The Humboldt Current, also called the Peru Current, is a cold, low-salinity ocean current that flows north along the western coast of South America. It is an eastern boundary current flowing in the direction of the equator, and extends 500–1,000 km (310–620 mi) offshore. The Humboldt Current is named after the Prussian naturalist Alexander von Humboldt. In 1846, von Humboldt reported measurements of the cold-water current in his book Cosmos.
The Walker circulation, also known as the Walker cell, is a conceptual model of the air flow in the tropics in the lower atmosphere (troposphere). According to this model, parcels of air follow a closed circulation in the zonal and vertical directions. This circulation, which is roughly consistent with observations, is caused by differences in heat distribution between ocean and land. It was discovered by Gilbert Walker. In addition to motions in the zonal and vertical direction the tropical atmosphere also has considerable motion in the meridional direction as part of, for example, the Hadley Circulation.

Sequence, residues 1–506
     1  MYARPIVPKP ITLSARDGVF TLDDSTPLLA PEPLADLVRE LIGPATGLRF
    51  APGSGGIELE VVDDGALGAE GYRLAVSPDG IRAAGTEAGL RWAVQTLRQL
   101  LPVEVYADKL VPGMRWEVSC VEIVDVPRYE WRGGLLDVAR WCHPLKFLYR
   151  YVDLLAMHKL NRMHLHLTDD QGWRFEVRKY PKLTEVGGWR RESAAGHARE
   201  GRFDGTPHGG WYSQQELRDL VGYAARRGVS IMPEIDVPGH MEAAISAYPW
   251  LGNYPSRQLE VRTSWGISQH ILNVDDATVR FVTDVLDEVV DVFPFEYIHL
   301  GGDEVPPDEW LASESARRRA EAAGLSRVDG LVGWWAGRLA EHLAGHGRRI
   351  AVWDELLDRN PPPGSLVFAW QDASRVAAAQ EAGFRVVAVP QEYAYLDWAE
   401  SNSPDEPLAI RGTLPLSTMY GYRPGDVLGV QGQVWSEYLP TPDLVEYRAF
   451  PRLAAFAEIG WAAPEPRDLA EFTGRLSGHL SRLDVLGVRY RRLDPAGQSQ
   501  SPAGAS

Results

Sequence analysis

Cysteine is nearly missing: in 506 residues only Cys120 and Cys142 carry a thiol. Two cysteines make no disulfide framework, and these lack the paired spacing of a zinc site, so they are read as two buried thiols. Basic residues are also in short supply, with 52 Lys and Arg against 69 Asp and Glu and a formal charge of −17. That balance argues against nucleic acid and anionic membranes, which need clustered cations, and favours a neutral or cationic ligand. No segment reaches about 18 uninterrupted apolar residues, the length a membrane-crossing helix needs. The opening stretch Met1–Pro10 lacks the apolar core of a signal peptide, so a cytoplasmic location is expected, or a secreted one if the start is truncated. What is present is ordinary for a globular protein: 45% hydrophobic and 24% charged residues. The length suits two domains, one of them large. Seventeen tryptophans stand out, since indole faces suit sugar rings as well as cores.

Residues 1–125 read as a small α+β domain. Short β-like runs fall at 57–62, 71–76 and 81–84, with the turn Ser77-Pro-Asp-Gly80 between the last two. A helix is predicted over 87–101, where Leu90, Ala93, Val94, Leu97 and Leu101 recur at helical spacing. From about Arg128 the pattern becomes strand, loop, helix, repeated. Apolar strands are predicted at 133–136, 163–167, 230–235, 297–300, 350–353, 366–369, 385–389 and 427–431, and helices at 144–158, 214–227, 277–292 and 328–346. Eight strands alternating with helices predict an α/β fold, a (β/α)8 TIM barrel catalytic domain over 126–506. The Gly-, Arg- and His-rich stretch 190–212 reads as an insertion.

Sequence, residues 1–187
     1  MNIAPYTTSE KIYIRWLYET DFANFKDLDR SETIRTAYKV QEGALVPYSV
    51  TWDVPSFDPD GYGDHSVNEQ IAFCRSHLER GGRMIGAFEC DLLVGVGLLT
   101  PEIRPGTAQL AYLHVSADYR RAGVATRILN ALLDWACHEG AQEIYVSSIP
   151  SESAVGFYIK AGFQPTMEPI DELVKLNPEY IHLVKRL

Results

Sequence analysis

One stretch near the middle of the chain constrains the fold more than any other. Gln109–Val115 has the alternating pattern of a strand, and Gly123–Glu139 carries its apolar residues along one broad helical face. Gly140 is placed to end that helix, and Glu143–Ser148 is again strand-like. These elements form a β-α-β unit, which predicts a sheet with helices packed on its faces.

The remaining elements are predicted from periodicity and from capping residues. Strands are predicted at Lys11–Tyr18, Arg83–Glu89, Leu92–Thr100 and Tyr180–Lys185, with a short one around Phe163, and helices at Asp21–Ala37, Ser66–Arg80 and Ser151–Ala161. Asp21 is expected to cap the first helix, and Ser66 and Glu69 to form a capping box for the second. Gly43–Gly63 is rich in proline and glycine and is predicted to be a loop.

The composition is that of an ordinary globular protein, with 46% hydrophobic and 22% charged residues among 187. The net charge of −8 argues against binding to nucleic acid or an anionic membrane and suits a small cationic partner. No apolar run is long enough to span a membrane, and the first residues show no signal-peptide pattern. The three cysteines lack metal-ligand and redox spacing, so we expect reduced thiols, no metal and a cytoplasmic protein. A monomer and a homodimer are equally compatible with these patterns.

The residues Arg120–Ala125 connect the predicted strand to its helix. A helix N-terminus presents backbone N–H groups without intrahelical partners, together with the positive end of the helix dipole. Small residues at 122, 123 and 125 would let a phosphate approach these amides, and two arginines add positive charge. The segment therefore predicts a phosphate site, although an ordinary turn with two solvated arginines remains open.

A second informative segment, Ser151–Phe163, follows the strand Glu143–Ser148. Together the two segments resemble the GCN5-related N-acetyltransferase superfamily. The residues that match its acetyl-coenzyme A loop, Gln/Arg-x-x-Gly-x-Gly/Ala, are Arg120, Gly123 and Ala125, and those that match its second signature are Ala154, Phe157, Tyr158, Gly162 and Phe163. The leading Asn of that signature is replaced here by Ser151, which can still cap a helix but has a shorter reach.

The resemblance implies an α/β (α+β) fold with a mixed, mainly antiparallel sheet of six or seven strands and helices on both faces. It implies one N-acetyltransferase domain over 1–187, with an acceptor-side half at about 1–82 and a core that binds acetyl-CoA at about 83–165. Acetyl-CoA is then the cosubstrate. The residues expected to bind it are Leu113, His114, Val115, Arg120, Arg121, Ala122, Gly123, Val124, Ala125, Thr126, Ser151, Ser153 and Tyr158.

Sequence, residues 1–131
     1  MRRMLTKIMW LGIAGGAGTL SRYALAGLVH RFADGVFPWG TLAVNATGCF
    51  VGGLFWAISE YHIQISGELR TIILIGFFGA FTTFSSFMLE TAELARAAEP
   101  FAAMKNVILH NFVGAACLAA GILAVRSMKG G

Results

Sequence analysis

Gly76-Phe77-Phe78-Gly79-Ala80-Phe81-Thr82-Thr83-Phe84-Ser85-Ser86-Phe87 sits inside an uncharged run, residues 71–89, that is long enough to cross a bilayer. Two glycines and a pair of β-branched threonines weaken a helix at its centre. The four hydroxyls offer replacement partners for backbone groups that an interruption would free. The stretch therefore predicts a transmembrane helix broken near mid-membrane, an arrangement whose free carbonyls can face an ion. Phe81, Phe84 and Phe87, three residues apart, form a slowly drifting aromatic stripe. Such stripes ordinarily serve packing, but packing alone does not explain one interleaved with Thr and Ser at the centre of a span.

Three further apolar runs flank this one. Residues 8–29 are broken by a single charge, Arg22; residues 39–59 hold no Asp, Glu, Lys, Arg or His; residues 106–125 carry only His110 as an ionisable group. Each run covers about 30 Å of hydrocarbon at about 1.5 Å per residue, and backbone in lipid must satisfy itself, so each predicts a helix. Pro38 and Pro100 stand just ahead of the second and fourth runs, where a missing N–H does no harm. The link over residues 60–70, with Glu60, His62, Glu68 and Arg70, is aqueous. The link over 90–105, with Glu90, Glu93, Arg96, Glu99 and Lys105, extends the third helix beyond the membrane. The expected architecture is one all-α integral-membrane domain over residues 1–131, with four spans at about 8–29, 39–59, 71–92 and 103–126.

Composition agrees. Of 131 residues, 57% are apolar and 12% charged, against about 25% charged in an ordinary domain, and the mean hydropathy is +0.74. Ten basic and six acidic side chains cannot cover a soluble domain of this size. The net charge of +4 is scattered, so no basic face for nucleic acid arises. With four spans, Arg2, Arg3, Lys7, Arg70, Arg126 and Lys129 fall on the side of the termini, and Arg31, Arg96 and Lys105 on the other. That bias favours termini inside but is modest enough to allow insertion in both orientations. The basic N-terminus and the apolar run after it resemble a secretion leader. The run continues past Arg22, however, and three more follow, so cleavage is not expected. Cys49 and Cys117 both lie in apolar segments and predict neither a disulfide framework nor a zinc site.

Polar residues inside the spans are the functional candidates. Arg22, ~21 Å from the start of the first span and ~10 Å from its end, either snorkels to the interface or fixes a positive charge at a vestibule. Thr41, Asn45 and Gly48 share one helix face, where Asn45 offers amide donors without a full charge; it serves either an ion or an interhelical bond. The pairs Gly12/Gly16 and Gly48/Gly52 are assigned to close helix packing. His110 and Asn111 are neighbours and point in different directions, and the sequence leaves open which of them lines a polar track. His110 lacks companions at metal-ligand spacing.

The Norwegian Current is a water current that flows northeasterly along the Atlantic coast of Norway at depths of between 50 and 100 metres through the Barents Sea Opening into the Barents Sea. It contrasts with the North Atlantic Current because it is colder and contains less salt, having most of its tributary water coming from the slightly brackish North and Baltic seas, as well as the Norwegian fjords and rivers. It is, however, considerably warmer and saltier than the Arctic Ocean, which is freshened by the ice in and around it. Winter temperatures in the Norwegian current are typically between 2 and 5 °C whereas the temperature of the Atlantic water exceeds 6 °C.
Henry "Hank" Melson Stommel was a major contributor to the field of physical oceanography. Beginning in the 1940s, he advanced theories about global ocean circulation patterns and the behavior of the Gulf Stream that form the basis of physical oceanography today. Widely recognized as one of the most influential and productive oceanographers of his time, Stommel was both a groundbreaking theoretician and an astute, seagoing observer.